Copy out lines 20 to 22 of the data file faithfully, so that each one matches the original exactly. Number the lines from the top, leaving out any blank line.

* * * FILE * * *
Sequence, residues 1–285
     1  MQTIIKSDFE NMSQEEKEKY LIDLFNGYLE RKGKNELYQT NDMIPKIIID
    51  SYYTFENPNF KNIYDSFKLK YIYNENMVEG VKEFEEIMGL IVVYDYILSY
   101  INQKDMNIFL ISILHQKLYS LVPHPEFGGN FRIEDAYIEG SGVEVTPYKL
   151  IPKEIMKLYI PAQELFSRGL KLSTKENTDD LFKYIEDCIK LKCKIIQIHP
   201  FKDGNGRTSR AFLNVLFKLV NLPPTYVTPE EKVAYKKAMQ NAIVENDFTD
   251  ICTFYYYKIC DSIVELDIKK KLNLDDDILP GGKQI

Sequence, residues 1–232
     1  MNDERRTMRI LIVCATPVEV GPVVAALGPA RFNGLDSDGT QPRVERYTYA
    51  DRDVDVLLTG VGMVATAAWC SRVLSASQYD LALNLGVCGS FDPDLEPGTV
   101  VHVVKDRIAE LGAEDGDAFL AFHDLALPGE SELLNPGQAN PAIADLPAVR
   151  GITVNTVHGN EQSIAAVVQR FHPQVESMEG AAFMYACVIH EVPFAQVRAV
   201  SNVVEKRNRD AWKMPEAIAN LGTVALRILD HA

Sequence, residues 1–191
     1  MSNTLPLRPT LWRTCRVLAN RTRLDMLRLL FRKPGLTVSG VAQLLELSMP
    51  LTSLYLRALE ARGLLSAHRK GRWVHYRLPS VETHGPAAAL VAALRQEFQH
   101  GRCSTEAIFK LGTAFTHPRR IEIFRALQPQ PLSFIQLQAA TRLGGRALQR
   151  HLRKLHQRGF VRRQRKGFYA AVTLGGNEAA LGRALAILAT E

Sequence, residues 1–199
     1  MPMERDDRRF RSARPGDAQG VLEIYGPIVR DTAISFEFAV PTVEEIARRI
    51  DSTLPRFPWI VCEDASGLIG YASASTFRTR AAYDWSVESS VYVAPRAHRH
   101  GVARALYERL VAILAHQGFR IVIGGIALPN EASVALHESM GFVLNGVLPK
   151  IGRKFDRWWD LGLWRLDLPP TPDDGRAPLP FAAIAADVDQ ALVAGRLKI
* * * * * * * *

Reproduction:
     1  MPMERDDRRF RSARPGDAQG VLEIYGPIVR DTAISFEFAV PTVEEIARRI
    51  DSTLPRFPWI VCEDASGLIG YASASTFRTR AAYDWSVESS VYVAPRAHRH
   101  GVARALYERL VAILAHQGFR IVIGGIALPN EASVALHESM GFVLNGVLPK